Austin Interfaith petitions county to aid unaccompanied migrant minors
Tuesday, July 22, 2014 by Beth Cortez-Neavel
Austin Interfaith seeks Travis County aid for migrant minors
By Beth Cortez-Neavel
Members of Austin Interfaith called on Travis County Commissioners Tuesday to provide social and legal services to the thousands of unaccompanied minors crossing the U.S. border from Central America. However, County Judge Sam Biscoe said the county could not extend its governmental arm to aid the undocumented children unless they are already within county boundaries.
There has been increasing public pressure on local, state and national governments to take legal action and provide aid to the thousands of Central American children and youth currently detained along the Texas border, having crossed into the U.S. without legal documentation.
Likewise, local constituents have called and e-mailed members of the court asking what the public and what the county could do to alleviate what President Barack Obama has declared a “humanitarian crisis.” Biscoe said he did not know what to say to callers, until he learned that St. James Episcopal Church in Austin had put out a call for donations to take to the McAllen Faith Community for Disaster Recovery in South Texas.
Biscoe placed an item on next week’s agenda to educate the community on this opportunity, expressly stating that the focus of discussion would be the donation drive, and limited to identifying what items could be donated to the drive and a call for more collection spots and partners.
However, after St. James Rector Lisa Saunders briefed the court on the church’s Humanitarian Crisis Collection, members of Austin Interfaith – a group of faith-based organizations, public schools, nonprofits and unions – urged Commissioners to take action.
Naomi Lyons Friedman was one of the constituents who called with concerns earlier in the week. She said she commented in court Tuesday to urge the county to act, to “put our money and our presence where our mouth is.”
“We are not able to turn our back on these people and still call ourselves the liberal and tolerant Travis County,” she said.
Austin Interfaith called for the county to follow the lead of Dallas County, which has pledged to provide shelter to some of the Central American undocumented minors, and organize private and public services to aid the undocumented children and youth.
Staff from the Equal Justice Center, a member of Austin Interfaith and a nonprofit worker’s rights law office, also urged the county to play the role of facilitator and mobilize legal support for children being transferred to Central Texas.
“These children need both legal and social services provided to them and what the county can do is facilitate the provision of those services, whether they be diapers and shoes or matching lawyers to somebody who qualifies for refugee status and can submit an asylum petition,” Equal Justice attorney Caitlin Boehne told the Monitor. “I definitely left with the feeling that the commissioners court would be interested in continuing to get engaged with us as we all try to feel our way forward. We’re in the midst of this crisis and so we’re all trying to figure out what makes the most sense and what doesn’t.”
The center will be sending staff and law school student interns to Lackland Air Force Base in San Antonio to help interview detained undocumented children and youth.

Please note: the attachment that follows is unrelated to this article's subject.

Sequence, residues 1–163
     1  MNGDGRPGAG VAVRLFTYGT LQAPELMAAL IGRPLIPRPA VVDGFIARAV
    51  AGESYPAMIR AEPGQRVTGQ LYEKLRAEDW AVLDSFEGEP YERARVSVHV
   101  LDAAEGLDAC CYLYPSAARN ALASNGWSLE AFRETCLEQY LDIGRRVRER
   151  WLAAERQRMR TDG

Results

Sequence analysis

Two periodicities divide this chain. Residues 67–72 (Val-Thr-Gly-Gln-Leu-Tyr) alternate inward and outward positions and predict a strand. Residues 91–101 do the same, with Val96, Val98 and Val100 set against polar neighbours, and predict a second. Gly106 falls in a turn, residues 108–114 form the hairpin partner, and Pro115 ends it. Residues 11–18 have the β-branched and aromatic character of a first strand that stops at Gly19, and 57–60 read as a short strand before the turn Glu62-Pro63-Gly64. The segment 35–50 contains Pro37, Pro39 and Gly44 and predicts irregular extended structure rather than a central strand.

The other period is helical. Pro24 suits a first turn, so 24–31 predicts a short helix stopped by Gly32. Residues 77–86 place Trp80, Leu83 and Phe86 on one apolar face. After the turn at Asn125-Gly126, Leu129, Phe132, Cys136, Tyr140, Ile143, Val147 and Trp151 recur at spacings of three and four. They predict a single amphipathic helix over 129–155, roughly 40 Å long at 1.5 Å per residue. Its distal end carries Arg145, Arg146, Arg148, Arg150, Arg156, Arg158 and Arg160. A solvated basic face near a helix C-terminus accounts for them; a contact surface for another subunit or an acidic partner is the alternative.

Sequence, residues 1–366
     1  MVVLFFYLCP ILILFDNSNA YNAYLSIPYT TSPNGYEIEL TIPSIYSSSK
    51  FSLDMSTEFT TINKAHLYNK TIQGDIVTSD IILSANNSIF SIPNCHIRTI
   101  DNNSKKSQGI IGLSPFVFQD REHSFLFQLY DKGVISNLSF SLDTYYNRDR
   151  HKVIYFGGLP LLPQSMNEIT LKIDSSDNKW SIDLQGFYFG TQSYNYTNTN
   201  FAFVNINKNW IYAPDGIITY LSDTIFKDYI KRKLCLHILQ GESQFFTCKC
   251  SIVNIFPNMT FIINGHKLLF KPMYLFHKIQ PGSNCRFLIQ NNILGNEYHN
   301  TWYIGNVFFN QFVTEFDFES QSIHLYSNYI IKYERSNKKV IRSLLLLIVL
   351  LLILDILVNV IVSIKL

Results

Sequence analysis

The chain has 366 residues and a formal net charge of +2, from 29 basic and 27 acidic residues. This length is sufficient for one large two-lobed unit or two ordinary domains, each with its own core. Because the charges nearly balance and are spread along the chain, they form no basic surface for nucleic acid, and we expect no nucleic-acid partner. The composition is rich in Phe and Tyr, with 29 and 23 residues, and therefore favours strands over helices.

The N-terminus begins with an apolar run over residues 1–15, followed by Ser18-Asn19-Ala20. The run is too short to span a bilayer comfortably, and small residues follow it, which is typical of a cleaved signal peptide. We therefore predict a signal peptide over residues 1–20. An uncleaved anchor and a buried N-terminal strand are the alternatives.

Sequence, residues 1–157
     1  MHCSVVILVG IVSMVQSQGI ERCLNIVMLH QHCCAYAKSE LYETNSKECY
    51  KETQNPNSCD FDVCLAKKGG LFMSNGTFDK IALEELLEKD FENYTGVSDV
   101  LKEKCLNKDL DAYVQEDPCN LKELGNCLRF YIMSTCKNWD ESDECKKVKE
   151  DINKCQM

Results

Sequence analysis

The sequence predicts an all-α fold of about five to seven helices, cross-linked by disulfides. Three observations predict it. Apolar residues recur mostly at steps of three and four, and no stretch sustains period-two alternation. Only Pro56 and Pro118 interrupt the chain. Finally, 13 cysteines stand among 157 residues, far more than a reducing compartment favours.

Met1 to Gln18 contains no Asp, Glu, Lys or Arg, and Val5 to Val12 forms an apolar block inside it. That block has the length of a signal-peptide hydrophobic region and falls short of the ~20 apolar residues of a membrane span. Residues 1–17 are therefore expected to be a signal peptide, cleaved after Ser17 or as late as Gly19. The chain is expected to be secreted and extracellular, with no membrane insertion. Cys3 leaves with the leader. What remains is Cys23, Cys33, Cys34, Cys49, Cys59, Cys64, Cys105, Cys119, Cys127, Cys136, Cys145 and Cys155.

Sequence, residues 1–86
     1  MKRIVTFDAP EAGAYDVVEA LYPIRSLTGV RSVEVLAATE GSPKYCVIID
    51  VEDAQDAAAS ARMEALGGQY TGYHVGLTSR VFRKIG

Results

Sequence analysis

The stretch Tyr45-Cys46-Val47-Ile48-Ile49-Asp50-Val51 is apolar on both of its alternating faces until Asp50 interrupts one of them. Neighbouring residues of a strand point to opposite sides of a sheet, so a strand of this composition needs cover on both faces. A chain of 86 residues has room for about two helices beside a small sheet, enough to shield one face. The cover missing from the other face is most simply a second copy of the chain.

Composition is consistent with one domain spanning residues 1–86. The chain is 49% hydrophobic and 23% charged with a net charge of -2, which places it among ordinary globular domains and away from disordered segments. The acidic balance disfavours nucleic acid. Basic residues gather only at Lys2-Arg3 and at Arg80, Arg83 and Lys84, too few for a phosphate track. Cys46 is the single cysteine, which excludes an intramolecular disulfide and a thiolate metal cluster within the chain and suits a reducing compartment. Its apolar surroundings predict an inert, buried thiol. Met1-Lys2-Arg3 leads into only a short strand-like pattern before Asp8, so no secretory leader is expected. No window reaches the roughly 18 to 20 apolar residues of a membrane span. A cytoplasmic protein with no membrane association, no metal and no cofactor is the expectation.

Pct. 4 Commissioner Margaret Gómez said she, like Biscoe, also received phone calls from concerned constituents and in turn made calls to Austin City Council members and members of the Austin school board to see what could be done.
“We do work on these issues in a collaborative manner,” Gómez said, “I think this certainly deserves a collaborative approach because it is going to continue to increase, especially if children will be coming here.”
Pct. 2 Commissioner Bruce Todd suggested Austin Interfaith and St. James Episcopal Church, which is not a member of the group, challenge local neighborhoods to help with the donation drive. “Normally those neighborhood associations only take on neighborhood issues… but this is a neighborhood issue of a different magnitude,” Todd said.
Biscoe said after the court was adjourned for the day that unless the county acts pursuant to state or federal declaration, the county probably could not legally assist anyone outside of the county’s boundaries. He said he does not see the county organizing to bring undocumented minors here, either.
“That’s overreaching,” he said. The likelihood of us reaching down there is small; the likelihood of us providing meaningful significant services and programs is very great if they are here. And if I were an Interfaith person, I would do my best to get them here. And I would say: Travis County, here are these kids and they really need help.”
Biscoe said he did not expect Austin Interfaith to come forward with a request, and that he specifically limited his agenda item to prevent getting involved in the politics.
“This is not us committing to do anything specific other than help out by doing things that we normally do. We normally announce, we educate, we put it on flyers,” Biscoe said. “I really didn’t want to get involved in the state and federal immigration policy debate. It’s already confusing enough and it is also contentious.”
St. James is looking for the following: gently-used or new donated items to take down to McAllen: trash bags, items for nursing mothers, hooded sweatshirts, disposable diapers, baby wipes, children and women’s clothing, shoes sized 2 to 12, blankets, pillows, toiletries, easy-open snacks and juice boxes. Items can be dropped off at 1941 Webberville Road before Sunday.
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